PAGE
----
Tradition as My Guide.

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Christmas candle

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I may have mentioned before that I am a therapist?  One of the beautiful things about being a therapist is that I actually learn a lot from my clients.  I am given the powerful and sacred opportunity to sit with another human during their lightest and darkest hours.  My job allows me to learn about human nature and apply it to my own life.  Kind of a nice bonus, isn’t it? 

Today, in a group I ran, I brought the topic of “Traditions and Rituals” to the literal and figurative table.  If I bring a topic to a group, I am always inspired by the season and what better time of year than the holiday season to talk about traditions?  Plus, I am a true believer in tradition and ritual as an important way to honor the past, celebrate your family and friends, and connect to future generations.

As the importance of traditions were discussed, I had the opportunity to think about my own family traditions and, more specifically, how they have changed as our family has changed and grown.  As new members enter your family and older members depart, traditions must change to fit your new family system. This can happen with many aches and pains as you fight for the traditions that connect you solidly to your youth. My parent’s divorce was the first time I remember this happening and was particularly difficult because it was not in my control.  I had to go to my dad’s house now for a celebration and he wasn’t there on Christmas morning for the tradition of ushering us blindfolded by the tree and into the kitchen in order to make us eat breakfast before presents were opened.

Marriage was probably the most difficult transition because it meant less time with my family and their traditions and more time with another family whose traditions made me feel like I had just landed on a new planet and the natives were feeding me chocolate-covered worms (it was more like kielbasa and pierogies, but still…). Now I have my own daughter and, while things are again changing, my husband and I get to meld our traditions into a beautiful experience to give her on holidays and special occasions.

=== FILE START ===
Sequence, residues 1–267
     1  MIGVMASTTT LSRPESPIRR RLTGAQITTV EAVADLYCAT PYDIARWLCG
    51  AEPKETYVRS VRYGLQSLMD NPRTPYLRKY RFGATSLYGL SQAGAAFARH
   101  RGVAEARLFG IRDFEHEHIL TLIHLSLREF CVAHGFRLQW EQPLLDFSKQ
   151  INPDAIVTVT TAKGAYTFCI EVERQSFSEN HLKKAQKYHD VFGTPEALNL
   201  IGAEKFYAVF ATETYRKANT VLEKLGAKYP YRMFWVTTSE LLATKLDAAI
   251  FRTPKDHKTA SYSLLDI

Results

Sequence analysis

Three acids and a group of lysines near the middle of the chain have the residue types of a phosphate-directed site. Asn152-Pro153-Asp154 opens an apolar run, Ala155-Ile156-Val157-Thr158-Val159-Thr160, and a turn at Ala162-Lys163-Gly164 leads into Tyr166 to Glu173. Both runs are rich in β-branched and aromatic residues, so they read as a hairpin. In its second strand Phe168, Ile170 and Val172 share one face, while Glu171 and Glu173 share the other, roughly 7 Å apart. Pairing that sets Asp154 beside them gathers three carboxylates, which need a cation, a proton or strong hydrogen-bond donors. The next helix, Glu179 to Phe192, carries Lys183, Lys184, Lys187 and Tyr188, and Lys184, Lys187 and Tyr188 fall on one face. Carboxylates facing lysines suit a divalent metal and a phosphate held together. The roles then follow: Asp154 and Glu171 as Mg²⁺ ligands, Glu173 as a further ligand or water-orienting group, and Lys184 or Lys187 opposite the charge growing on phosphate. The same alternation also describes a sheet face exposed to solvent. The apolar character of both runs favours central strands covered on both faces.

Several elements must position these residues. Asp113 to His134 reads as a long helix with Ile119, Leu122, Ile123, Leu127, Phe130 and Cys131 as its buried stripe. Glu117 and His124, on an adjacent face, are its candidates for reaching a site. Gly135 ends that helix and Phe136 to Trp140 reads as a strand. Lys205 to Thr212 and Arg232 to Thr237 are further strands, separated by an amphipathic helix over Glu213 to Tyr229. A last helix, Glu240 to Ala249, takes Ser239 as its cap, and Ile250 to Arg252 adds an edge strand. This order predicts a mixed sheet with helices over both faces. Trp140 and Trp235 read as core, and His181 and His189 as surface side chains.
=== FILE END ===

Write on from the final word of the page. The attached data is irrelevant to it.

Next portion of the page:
In a way, I feel like I have come full-circle and I am back to being that child again and experiencing the holidays in a way that feels good on my skin.  The feelings of exhilaration and suspense and excitement and even the calm, couch-filled let down of when it is all over – they are back!  As I asked my clients today to look at how they can re-create their own traditions that most have let go of long ago, I realized how lucky I am to have family and friends that have weathered the pains of change with me and have somehow managed to still fit nicely into my traditions and me into theirs.

Happy Holidays Friends!  May you feel the warmth of connection and the joy of being this holiday season!

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2 thoughts on “Tradition as My Guide.

  1. Beautiful words and so very true. The changes that life bring, either self created or not, alter the way traditions are maintained. They change the way traditions feel, a difficult thing sometimes. My husband and I are enjoying the creation of new ones to best fit our family.
    Happy holidays to you too!

  2. You’ve expressed perfectly the struggle of maintaining traditions through the inevitable changes of life. I related to this sentence, especially: “This can happen with many aches and pains as you fight for the traditions that connect you solidly to your youth.”

    Thank you for this.

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